Columns

Life and times of 'Teacher Cooke'

Friday, July 18, 2014    

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IN a country where we can destroy someone's name without a shred of substantiating evidence, it is good to be able to speak with confidence of a man who has left his space with a life undiminished by "carry-go-bring-come". Whatever spot and blemish Howard Felix Hanlan Cooke may have had -- who doesn't? -- he goes to his final reward with a high rating from the land of his birth in which he took enormous pride and worked to make better.

The man, who for most of his life was called "Teacher Cooke", taught in many ways; from the school room to his contact with people of all classes, colours and creed. He was president of the Jamaica Union of Teachers in 1958. He was one of the founding members of one political party (the People's National Party), yet he rode easily over the rocky road of partisan rivalry to gain the respect of all.

A third of the 60-odd years of public service which he gave was spent in the classroom. There is a formidable list of the various places he taught. For my part, I like to think of him as one who never stopped teaching. He taught anyone, big or small, high society or lowly pedigree. Teacher Cooke was the consummate communicator who could always find a spot of home-grown philosophy to enhance any moment. Described as calm, and dignified, that did not prevent him from enlivening gatherings with healthy doses of humour and old-time Jamaican philosophy.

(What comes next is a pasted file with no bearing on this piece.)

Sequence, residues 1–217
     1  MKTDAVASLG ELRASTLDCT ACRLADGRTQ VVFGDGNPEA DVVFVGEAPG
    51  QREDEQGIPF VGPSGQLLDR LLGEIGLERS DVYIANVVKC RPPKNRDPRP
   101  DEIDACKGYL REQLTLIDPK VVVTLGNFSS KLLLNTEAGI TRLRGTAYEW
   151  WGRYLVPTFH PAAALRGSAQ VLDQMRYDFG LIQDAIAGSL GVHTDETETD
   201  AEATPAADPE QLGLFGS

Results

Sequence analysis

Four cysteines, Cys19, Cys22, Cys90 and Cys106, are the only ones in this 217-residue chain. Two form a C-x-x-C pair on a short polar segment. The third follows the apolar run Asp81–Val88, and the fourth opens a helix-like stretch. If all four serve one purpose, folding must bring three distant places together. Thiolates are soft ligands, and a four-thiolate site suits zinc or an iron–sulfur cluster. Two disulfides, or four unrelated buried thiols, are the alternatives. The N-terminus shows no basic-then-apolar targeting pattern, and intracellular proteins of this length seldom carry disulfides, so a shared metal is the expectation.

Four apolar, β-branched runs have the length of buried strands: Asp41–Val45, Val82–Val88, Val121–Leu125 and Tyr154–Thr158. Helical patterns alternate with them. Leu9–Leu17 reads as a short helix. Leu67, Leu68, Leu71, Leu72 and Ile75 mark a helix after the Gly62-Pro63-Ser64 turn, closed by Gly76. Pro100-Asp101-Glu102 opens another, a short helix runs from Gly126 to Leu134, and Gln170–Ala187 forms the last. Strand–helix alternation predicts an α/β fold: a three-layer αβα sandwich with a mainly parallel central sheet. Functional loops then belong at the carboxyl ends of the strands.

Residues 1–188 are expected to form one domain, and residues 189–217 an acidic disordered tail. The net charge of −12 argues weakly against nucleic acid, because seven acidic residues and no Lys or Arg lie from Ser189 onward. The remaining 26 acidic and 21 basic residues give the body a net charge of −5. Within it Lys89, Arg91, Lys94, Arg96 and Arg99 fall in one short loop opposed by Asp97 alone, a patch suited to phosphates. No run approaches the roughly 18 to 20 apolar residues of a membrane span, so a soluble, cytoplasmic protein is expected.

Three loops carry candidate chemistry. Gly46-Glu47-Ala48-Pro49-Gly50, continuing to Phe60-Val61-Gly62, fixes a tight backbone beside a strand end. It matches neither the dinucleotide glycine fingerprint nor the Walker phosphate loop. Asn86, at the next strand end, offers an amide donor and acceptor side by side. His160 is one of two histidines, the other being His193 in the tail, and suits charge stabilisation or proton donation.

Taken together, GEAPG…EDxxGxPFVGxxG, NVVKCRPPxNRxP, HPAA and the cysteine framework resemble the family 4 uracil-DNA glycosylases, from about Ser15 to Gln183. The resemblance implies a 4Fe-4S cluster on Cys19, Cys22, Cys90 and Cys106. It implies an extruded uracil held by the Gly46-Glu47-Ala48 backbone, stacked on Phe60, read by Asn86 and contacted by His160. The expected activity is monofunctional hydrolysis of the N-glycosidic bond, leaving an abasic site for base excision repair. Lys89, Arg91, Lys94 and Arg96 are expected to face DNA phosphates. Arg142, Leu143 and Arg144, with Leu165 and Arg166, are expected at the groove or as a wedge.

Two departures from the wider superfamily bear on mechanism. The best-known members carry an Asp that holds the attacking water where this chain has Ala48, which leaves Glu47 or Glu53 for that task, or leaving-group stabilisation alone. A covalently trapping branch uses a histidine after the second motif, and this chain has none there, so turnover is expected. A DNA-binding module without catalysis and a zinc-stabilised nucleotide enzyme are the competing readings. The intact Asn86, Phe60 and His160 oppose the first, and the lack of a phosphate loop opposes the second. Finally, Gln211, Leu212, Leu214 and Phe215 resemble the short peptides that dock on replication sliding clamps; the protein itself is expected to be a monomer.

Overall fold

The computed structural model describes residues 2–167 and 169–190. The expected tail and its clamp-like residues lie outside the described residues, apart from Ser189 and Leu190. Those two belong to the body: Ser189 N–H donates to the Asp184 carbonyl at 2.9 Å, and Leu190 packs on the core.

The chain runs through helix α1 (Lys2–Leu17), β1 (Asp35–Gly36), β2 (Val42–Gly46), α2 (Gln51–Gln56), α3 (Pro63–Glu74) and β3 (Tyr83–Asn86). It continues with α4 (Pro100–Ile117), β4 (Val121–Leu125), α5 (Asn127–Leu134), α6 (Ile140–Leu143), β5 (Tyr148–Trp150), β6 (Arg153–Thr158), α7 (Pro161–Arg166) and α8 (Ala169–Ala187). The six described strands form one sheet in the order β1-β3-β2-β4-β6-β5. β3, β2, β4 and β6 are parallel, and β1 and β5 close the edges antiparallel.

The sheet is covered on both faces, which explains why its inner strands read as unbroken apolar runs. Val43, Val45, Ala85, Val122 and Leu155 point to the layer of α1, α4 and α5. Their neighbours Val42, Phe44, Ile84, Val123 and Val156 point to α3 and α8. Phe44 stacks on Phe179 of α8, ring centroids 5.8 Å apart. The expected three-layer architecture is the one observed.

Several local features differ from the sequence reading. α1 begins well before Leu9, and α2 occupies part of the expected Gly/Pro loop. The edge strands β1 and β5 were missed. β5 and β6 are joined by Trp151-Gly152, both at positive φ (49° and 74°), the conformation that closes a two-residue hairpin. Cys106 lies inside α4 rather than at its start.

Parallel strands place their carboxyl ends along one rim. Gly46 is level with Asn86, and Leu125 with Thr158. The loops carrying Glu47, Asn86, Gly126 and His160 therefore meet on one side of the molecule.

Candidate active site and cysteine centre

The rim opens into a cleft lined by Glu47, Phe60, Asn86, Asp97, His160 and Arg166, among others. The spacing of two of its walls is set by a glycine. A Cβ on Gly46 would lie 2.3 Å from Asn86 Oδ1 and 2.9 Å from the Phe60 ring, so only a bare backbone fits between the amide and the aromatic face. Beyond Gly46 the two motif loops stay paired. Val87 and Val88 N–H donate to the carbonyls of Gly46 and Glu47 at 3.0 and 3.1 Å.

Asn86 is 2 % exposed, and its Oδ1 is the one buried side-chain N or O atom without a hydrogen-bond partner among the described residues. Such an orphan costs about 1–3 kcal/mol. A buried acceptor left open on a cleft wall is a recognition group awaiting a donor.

As a journalist, my most memorable experience of him was taping an interview for a broadcast during the Christmas season when he was nearing the end of his tenure as governor general. Having arranged the meeting for King's House, he indulged me with reminiscences of his "well-lived life"; from his early days as a country bwoy come to town to attend the Mico College. "Don't leave out 'THE'. We were never allowed to," he said with mock sternness, soon dispelled by laughter, as he continued the story of his climb from country teacher to governor general.

His enthusiasm was at its peak as he recounted the magical years with Norman Washington Manley, sharing his vision to "build a new Jamaica". This resulted in travels from one end of the island to another, establishing community centres through Jamaica Welfare Limited, persuading Jamaicans to work and build together.

As he recalled the journey from colonialism to self-government and on to Independence, Teacher Cooke's eyes gleamed with excitement as he shared his passion for the arts and culture of the people, which led to him being one of the pioneers in the Festival movement. He spoke of his love of agriculture and how he did "a little farming" on King's House lands, including rearing a few goats -- which drew some disapproval: "Not on Her Majesty's land!"

We turned to talk of the gift of two buffalos from Fidel Castro. Since they didn't fit into the King's House image, they were relocated to Montpelier in St James, and then eventually Bodles in St Catherine. "Teacher Cooke" could not be accused of abandoning them. He kept updated on how they were doing.